Kid-Tested, Toddler Approved: Red Snapper Fajitas

Tuesday, June 22, 2010

Last night while at Whole Foods I didn't know what to make for dinner. My Fish Guy suggested the red snapper that had just come in, and it did look great. So I grabbed a large fillet and he suggested making fish fajitas. I thought that was a great idea; one of those "duh" moments.

We always do fish "tacos" whenever we don't know what to do with fish. But the fajita formula (peppers, onions, garlic, protein) yields itself nicely to a meaty white fish like red snapper or halibut. My addition of fresh thyme, lemon and meaty Spanish green olives gives a bright and salty top flavor that really brings out the brilliance in white fish. It's light, it's healthy, it's super easy to make, and a great week night meal for you and the kids.

Any white, flaky fish works well for this -- halibut, sea bass, snapper, grouper -- but snapper turned out particularly well and is a fraction of the cost of halibut or sea bass. Cooking time will vary depending on the thickness of your fillets, so keep that in mind when cooking yours.

Red Snapper Fajitas
1 very large red snapper fillet (skinned and cleaned by your fish guy)
1 small red bell pepper, seeded and sliced
1 green bell pepper, seeded and sliced
1 medium-large sweet onion, sliced (recommended: vidalia or maui onion)
2 large cloves of garlic, roughly chopped
4 sprigs fresh thyme
1 lemon, sliced
1/4 cup Spanish green olives
kosher salt
freshly ground black pepper
extra virgin olive oil
fresh tortillas for serving
Clean your red snapper and pat it very dry with paper towels. Season both sides liberally with salt and pepper. Cut it in half or thirds to fit your pan if necessary.
Heat about 3-4 tablespoons of olive oil in a large skillet on high heat until almost smoking. Carefully place the fish fillets in the oil and cook on high heat for 3-4 minutes per side. Remove the fish carefully (it will stick, so use a sturdy spatula) and set aside on a plate. Fish will continue cooking so don't worry if it is still rare in the middle.
Add the bell peppers and onion to the pan, and more oil if necessary. Season with salt and pepper and saute on high heat about 5 minutes, or until softened and edges start to caramelize. Add the garlic, thyme sprigs and lemon all at once and cook another 3 minutes. Turn the heat lower if necessary so the vegetables and garlic don't burn.
While the veggies are cooking, cut your fish fillets into large chunks. Again, don't worry if it's not cooked all the way through; it will finish cooking shortly. Add the fish pieces back into the pan with the veggies and add the olives. Give everything a good stir with spatula or spoon, reduce heat to medium-low, cover with lid and let cook another 2-3 minutes or until fish is completely done. Fish should be white and firm, but still soft and flaky.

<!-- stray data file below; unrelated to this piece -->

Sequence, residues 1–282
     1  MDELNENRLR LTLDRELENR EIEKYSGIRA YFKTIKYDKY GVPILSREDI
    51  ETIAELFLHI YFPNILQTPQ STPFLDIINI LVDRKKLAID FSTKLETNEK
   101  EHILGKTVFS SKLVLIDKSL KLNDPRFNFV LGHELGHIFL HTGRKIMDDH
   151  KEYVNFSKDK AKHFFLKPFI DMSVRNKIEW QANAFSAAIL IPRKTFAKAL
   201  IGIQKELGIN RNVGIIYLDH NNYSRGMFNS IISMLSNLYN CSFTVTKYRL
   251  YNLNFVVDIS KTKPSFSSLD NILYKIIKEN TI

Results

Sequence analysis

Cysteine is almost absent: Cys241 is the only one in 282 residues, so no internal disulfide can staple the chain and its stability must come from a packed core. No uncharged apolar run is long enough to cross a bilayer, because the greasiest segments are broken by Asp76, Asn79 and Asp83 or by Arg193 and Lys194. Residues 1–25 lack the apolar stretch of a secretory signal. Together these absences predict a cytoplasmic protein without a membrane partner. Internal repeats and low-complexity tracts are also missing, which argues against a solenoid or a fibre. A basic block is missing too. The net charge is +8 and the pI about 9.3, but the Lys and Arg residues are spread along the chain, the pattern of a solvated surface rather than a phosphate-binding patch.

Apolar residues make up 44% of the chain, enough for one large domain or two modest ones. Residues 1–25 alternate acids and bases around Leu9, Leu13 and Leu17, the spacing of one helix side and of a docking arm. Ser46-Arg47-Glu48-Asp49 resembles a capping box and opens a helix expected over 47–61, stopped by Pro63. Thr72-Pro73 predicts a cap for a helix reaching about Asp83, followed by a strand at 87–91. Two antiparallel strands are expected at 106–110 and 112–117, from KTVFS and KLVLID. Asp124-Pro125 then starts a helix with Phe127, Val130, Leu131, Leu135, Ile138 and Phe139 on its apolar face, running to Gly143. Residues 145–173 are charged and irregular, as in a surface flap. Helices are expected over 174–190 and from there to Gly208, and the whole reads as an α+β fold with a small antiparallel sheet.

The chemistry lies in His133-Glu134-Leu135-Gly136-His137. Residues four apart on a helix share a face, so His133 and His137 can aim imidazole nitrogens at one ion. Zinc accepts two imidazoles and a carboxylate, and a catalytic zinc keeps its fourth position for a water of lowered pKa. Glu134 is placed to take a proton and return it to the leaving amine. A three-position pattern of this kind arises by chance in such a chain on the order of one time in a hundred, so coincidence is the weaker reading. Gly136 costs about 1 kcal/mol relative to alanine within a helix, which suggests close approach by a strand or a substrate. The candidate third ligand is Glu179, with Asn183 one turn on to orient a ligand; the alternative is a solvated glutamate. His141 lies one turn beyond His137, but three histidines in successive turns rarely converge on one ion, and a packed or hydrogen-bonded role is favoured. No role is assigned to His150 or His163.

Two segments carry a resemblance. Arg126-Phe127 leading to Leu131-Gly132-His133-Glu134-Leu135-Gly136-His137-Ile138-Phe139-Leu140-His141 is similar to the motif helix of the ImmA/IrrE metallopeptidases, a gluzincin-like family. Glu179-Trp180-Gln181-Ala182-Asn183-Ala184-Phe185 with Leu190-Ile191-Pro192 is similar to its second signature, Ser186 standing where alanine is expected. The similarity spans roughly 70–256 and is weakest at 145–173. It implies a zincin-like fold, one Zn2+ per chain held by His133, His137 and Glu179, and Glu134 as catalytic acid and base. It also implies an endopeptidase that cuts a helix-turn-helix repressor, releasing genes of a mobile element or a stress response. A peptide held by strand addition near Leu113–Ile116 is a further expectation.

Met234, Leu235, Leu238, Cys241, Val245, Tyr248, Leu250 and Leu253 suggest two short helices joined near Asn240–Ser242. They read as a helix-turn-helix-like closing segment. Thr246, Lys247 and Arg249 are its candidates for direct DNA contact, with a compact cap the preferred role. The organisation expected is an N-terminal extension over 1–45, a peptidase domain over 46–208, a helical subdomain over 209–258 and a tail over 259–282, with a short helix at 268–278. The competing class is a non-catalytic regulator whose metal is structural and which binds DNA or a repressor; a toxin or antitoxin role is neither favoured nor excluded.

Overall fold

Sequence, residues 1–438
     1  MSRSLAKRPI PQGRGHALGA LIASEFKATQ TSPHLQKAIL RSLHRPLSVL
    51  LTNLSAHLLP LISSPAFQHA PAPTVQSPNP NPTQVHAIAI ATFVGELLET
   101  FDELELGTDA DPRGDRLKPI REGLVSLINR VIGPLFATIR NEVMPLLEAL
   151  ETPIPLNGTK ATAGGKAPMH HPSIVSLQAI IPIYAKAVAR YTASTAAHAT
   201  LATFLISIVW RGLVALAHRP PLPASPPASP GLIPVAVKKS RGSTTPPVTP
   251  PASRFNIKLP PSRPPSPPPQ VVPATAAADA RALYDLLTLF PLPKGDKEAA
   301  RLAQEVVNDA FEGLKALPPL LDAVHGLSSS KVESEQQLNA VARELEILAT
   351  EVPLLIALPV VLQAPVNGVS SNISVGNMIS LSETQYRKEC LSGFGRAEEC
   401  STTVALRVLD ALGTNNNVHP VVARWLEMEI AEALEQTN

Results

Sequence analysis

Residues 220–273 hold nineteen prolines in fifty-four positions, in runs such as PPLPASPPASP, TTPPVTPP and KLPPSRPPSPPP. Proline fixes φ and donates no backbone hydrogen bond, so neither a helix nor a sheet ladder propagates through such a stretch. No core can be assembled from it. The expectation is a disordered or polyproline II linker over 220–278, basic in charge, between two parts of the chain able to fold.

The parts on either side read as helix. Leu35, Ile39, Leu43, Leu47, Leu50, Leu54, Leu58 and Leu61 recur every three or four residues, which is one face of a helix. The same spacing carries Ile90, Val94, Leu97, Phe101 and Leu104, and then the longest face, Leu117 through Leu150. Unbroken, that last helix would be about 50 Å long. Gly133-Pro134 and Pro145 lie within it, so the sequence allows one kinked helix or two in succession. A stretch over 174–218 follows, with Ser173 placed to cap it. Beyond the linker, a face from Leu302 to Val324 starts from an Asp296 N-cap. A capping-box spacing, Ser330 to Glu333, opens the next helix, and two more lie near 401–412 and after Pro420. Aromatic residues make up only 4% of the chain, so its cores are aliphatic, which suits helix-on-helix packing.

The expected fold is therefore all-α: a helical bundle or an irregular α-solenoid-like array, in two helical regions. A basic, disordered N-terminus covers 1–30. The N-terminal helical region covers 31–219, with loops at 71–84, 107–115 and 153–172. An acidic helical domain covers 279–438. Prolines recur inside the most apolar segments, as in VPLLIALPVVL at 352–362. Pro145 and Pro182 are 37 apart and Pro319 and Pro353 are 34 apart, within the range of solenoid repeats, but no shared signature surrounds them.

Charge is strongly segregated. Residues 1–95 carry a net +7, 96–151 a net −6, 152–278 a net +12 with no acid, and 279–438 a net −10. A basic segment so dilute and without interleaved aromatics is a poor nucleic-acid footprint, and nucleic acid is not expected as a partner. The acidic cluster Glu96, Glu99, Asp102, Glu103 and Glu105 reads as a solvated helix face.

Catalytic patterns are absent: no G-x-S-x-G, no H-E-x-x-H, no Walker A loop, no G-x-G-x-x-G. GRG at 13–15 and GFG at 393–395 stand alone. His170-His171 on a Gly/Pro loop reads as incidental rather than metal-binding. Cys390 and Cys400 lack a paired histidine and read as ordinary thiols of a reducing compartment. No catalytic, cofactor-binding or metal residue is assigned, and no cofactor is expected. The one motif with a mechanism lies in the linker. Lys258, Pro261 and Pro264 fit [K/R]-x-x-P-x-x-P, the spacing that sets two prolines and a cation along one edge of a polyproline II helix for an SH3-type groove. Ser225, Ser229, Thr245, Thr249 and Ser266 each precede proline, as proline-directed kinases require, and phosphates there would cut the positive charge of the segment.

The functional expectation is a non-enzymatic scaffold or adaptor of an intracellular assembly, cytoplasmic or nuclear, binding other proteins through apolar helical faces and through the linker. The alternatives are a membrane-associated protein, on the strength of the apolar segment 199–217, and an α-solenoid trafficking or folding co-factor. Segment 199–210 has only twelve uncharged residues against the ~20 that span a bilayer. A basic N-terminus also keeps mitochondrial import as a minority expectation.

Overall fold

If using fresh tortillas, preheat a pancake griddle pan or a regular non-stick pan large enough to hold the tortilla on high heat. Cook the tortillas, turning as needed, until bubbles form on both sides and they turn white with very pale golden spots. Fold in half, then in half again to form triangles.
Serve fish fajitas with tortillas hot.


Amanda Ebner said...

Are those homemade tortillas too? They look amazing!

Mishy said...

Not really. I mean, you can buy "fresh" tortillas at the store. They're usually found in the dough section like where the pizza dough is or in the Mexican section where the queso fresco and crema are. Anyways, they're still raw "dough" so you have to cook them and they taste infinitely better and more authentic than the ready-made ones you find in the bread aisle.

Christa Jeanne said...

Can I use this same fajita-making technique with another meat? Example: cooking chicken, slicing it while cooking the peppers and onions, and then adding it back in to finish cooking? I know chicken is more worrisome with contamination...

Mishy said...

You can. If you did chicken, I would just take a breast or two and slice into the thicker part (slice into; not all the way through) and marinade it. Then like you said -- grill first to sear, then add it back in to finish cooking with the peppers. Or honestly, I just slice the chicken straight up and marinate it already cut into strips sometimes to make it even easier. If you did this then you're ensuring cooking all the way through if that's a concern.